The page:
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 veryhotthread  Author  Topic: Stuff & Nonsense  (Read 70598 times)
WingsofCrystal
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xx Re: Stuff & Nonsense
« Reply #2370 on: Dec 28th, 2010, 08:47am »

Good morning Swamp!
I hope you had a good Christmas. cheesy
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« Reply #2371 on: Dec 28th, 2010, 08:51am »

New York Times

December 28, 2010
Iran Executes Man Convicted of Spying for Israel
By WILLIAM YONG

TEHRAN — Iran on Tuesday executed two men, one of them said to be a member of an exiled opposition group and the other convicted of spying for Mossad, the Israeli intelligence service, according to official reports.

Iran’s judiciary reported that the alleged spy, Ali-Akbar Siadat, had been hanged at Tehran’s Evin Prison after being found guilty of passing on to “Iran’s enemies” information about the country’s military capability, including the missile program operated by the Islamic Revolutionary Guards Corps.

According to the charges against him, Mr. Siadat had met with Israeli agents on repeated occasions over the course of six years while traveling to destinations including Turkey, Thailand and the Netherlands. He was said to have received payments of $3,000 to $7,000 for each meeting. He was arrested in 2008, according to the official IRNA news agency.

The official list of charges on which Mr. Siadat had been convicted included “spreading corruption on earth,” “supporting the Zionist regime” and “opposing the Islamic Republic.”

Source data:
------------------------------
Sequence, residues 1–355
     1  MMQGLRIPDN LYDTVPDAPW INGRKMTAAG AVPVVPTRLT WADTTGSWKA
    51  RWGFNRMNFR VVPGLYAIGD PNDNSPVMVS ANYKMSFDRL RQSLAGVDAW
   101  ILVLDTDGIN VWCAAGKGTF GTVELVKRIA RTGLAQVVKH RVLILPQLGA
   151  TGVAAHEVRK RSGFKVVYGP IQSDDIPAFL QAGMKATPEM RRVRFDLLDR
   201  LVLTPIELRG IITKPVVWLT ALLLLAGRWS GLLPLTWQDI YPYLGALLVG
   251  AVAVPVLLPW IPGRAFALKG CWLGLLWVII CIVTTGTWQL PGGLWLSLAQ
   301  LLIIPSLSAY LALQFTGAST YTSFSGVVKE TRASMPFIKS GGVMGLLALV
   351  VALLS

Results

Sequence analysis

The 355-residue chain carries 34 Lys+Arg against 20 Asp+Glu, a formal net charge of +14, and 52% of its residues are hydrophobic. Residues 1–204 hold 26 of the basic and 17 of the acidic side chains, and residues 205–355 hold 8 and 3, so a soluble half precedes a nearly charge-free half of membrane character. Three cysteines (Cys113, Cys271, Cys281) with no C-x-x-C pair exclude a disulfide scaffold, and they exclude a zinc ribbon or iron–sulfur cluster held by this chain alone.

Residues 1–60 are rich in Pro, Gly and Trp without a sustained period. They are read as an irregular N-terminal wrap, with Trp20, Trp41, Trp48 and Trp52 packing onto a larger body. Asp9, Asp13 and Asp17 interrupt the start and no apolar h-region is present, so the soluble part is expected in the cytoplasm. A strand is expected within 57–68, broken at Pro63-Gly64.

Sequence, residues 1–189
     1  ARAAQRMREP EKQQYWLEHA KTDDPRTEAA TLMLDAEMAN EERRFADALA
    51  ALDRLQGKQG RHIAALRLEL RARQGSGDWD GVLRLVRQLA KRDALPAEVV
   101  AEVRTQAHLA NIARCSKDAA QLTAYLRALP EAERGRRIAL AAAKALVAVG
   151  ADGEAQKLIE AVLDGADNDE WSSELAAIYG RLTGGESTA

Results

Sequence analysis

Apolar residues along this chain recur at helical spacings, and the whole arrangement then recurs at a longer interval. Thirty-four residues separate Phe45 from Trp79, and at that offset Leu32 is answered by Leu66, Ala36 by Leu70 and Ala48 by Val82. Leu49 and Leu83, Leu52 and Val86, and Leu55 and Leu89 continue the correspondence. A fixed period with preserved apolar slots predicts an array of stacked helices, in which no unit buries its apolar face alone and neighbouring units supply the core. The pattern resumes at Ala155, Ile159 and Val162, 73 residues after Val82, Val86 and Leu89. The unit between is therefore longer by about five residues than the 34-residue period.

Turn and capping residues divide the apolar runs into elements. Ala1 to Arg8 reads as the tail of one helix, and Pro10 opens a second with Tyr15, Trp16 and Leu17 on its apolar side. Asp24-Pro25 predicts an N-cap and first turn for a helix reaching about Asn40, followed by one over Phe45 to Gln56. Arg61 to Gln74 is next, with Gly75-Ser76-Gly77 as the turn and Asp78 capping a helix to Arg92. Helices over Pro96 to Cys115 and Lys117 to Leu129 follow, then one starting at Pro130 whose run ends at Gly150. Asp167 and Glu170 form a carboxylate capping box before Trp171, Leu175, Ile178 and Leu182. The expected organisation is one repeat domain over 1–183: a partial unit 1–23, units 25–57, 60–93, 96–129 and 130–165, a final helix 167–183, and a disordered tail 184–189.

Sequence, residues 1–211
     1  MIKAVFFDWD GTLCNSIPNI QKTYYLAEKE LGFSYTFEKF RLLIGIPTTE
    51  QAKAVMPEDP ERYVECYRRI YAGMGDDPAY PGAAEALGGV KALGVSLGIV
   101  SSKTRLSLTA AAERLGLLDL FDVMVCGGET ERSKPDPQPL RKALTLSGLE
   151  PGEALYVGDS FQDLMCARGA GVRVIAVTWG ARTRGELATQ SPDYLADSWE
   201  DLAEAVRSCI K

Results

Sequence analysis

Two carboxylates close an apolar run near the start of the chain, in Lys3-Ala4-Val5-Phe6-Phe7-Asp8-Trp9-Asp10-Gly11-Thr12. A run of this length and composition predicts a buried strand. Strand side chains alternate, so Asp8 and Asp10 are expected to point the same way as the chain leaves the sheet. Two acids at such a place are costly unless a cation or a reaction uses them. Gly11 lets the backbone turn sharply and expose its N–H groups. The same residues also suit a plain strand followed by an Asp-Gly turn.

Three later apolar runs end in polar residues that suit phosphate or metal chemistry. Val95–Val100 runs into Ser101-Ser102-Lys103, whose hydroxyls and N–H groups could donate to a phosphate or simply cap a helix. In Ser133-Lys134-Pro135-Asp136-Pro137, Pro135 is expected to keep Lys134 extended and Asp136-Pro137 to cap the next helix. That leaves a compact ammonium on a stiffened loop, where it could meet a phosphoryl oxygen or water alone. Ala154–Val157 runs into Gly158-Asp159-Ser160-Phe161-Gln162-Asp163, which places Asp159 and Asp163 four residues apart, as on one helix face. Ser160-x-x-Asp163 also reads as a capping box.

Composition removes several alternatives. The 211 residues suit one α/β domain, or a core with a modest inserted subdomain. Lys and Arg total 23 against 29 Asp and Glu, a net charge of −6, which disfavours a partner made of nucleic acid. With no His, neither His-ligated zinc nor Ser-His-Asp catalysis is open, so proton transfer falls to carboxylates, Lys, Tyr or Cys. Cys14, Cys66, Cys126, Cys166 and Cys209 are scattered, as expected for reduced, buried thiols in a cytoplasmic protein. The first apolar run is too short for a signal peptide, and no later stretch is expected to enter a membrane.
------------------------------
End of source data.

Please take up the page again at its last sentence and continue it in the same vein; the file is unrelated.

Earlier this year, Mr. Siadat was among 192 detainees named by opposition Web sites as political prisoners being held by Iran’s authorities.

Iran periodically reports the arrest of Iranians accused of working for Israel’s intelligence services. In November 2008, the authorities hanged Ali Ashtari, a communications and security equipment salesman, after convicting him of passing information to Israeli agents.

A second man, Ali Saremi, was also hanged Tuesday morning, according to the judiciary statement. Mr. Saremi was executed after repeated convictions for supporting Mujahedeen Khalq, an exiled opposition group that the government has accused of masterminding terrorist attacks within Iran’s borders from bases in Europe and Iraq.

The group said in a statement after the execution that several members of his family were arrested for protesting outside Evin Prison and taken inside.

Last August, Amnesty International reported that Mr. Saremi, 62, had visited a son in Mujahedeen Khalq’s Camp Ashraf in Iraq. He had been imprisoned on political charges for a total of 23 years both under the rule of the shah and since the Islamic Revolution in 1979, Amnesty said.

http://www.nytimes.com/2010/12/29/world/middleeast/29iran.html?_r=1&ref=world

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« Reply #2372 on: Dec 28th, 2010, 08:53am »

New York Times

December 27, 2010, 10:06 pm
Stock Trading in Private Companies Draws S.E.C. Scrutiny
By PETER LATTMAN

A red-hot trading market has developed in the shares of the world’s leading social networking companies: Facebook, Twitter, Zynga and LinkedIn. What is unusual is that none of the companies are listed on a public stock exchange. Each is privately held.

Now, the Securities and Exchange Commission wants to learn more about the business of these stock trades. The agency has sent information requests to several participants in the buying and selling of stock in these four companies, according to two people with direct knowledge of the inquiry who requested anonymity because they were not authorized to speak about it.

It is unclear exactly what has piqued the agency’s interest. An S.E.C. spokesman declined to comment on the matter. But the S.E.C.’s interest comes as a crop of new exchanges is popping up to facilitate these trades.